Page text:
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Officials hear opinions on placement of new Valle Crucis School

VALLE CRUCIS — Approximately 60 to 70 people filled the Valle Crucis School gymnasium on Sept. 3, when people spoke both in favor of and in opposition to the proposed placement of a new Valle Crucis School.

The Watauga County Board of Education and Watauga County Board of Commissioners hosted the joint meeting to ask for public input on a possible site for a new school that is located one-quarter mile from the existing school. The property is situated along Broadstone Road between the Mast Farm Inn and the Mast Store Annex, and has been referred to as the Hodges property.

The Board of Education entered into a contract in March for the $1,105,000 property by allocating funds from its existing fund balance. The contract for the 14.4-acre tract of land is being made with Joy Pritchett, Gay Isaacs and Roy Hodges Jr., according to Watauga County Schools. In June, Watauga County entered into a contract for the 3.36 acres that is next to the existing Valle Crucis School known as the Valle Landing property. At that time, County Manager Deron Geouque said the land could be used as a back-up plan for the new school as well.

A website containing an open letter and petition was posted on July 26 by a few people with concerns about the movement of the school impacting the Valle Crucis historic district and neighboring businesses. The letter calls for the officials to build a school on the site the school currently sits on.

The new structure would replace the current 82-year-old Valle Crucis School building that has presented problems to the Watauga County Schools system over the years. WCS Superintendent Scott Elliott started the event with a presentation that addressed the issues of the aging school, considerations WCS has taken into account when searching for land, the due diligence testing process of the Hodges property and program needs.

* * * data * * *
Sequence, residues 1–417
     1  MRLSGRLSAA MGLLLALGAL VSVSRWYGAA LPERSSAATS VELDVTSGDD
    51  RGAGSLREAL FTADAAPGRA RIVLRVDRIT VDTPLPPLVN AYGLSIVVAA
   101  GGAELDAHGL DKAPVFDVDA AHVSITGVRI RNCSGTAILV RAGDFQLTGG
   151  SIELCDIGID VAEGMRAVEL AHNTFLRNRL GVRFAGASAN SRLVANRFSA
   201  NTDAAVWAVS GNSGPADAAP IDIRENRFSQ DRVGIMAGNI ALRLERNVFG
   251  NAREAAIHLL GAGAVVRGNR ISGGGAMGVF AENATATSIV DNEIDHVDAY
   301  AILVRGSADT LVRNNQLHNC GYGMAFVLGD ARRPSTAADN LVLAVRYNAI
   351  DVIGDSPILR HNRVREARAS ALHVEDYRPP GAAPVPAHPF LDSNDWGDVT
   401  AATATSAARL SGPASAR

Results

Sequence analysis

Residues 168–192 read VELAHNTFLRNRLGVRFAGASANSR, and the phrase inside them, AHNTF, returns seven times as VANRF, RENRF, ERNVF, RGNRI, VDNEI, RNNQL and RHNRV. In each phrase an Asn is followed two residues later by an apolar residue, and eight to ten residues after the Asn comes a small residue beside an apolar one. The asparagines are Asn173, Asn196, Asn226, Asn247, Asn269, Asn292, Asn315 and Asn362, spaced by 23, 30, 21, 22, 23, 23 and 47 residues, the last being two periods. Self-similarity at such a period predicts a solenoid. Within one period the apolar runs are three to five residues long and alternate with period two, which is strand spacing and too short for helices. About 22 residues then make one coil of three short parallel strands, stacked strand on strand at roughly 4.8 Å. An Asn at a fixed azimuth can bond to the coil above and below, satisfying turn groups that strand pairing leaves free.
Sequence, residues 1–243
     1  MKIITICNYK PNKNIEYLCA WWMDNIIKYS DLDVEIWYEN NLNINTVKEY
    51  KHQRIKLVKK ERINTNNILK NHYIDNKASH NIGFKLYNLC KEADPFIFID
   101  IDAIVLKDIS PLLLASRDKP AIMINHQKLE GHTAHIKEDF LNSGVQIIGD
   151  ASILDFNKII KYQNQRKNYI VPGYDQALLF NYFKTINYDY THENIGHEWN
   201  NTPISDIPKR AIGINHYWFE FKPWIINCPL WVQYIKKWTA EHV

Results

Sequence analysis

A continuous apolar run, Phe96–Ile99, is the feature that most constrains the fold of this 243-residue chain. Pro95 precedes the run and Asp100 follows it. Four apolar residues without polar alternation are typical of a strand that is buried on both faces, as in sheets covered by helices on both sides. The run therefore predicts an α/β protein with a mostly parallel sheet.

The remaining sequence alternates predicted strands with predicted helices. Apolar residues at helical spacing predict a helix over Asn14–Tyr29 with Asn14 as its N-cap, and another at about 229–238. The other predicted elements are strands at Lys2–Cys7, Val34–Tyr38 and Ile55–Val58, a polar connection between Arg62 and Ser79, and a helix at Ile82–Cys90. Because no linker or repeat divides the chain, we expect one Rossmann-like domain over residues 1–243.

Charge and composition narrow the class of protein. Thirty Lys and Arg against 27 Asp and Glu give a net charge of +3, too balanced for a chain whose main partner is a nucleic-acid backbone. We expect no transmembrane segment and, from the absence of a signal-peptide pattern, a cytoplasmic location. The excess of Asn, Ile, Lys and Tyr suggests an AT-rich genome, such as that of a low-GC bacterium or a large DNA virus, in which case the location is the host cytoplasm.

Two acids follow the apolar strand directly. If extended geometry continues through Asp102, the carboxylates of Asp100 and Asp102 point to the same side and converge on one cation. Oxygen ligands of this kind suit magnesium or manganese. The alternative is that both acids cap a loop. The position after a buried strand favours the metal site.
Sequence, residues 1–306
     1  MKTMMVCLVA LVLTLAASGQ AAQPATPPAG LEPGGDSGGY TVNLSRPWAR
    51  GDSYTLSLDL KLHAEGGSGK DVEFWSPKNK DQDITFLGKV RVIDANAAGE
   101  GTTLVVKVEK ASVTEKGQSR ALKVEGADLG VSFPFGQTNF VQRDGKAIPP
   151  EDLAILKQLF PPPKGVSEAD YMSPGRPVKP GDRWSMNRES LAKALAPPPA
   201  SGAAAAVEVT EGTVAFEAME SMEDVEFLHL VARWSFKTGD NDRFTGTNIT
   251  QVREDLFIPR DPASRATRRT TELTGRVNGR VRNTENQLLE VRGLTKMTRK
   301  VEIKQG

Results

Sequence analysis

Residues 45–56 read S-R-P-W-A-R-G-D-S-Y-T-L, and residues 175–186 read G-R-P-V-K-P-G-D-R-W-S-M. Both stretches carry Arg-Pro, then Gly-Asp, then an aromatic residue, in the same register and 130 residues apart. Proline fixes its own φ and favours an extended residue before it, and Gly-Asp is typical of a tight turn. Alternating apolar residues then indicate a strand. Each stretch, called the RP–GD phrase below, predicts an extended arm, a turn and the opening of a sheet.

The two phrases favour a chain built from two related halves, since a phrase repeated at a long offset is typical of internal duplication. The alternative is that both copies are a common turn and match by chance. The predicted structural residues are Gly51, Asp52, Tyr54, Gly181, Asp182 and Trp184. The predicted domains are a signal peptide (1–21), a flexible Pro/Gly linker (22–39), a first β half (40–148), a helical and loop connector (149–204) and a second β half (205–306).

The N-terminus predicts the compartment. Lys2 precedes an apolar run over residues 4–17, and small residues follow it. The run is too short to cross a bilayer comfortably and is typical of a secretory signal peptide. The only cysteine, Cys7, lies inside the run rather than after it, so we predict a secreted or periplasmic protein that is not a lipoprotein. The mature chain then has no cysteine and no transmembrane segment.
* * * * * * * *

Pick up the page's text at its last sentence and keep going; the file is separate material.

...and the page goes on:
Elliott explained that in 2017, the school board commissioned a facilities study of all of its schools with the help of architectural firm Clark Nexsen. The study identified two schools — Hardin Park and Valle Crucis — that would be more cost effective to replace rather than to renovate. Chad Roberson, an architect with Clark Nexsen, was also at the meeting and presented information and work from his firm.

The main issues with the facility are flooding, traffic flow and a growing school population. When looking at the work orders for the school’s maintenance crew, Elliott said he counted 17 instances in the last 15 years when staff had to address issues of flooding — nine of these were in the last seven years.

When nearby Dutch Creek crests its banks, water often finds its way into the school. Elliott showed several photos of water covering the school’s property as well as inside school hallways and classrooms. Students are moved around the school away from the water, and mold remediation takes place. Elliott added that $25,000 was spent last year alone to remediate classrooms that were impacted by flood waters.

A resident who spoke against the Hodges site was Lyle Schoenfeldt, the former owner of the Mast Farm Inn and chair of the steering committee behind the online petition. Schoenfeldt shared concerns about the land being in the floodplain, since only 1.5 acres of the 14.4-acre Hodges property is out of the floodplain.

According to Elliott, 1.57 acres of the current school site is outside of the floodplain. He also said the floodplain maps are based on elevations without consideration of the location of the creek or river. The existing school site is flooded on a regular basis due to the location of Dutch Creek.

“Not only is the Hodges site on average five feet higher than the current school location, it is far away from Dutch Creek,” Elliott said.

The day following the public meeting, Elliott said WCS would maximize the space on the Hodges property to situate the building in a way so that as much of the building as possible is out of the floodplain. All 14.4 acres are usable for school purposes, such as fields and playgrounds, and approximately 5 acres is more than sufficient for the footprint of the school, he said.

Elliott assured that officials could build on land in the floodplain with mitigation, such as ensuring the building is at least two feet above base flood elevation. During the meeting, Roberson displayed a few examples of how a building could be placed on the property — including one story and two story options. Elliott said he would prefer a two-story building to minimize permeable surface and foundation construction that would need to be done.

“We certainly aren’t going to build a school that we believe would continue to flood,” Elliott said.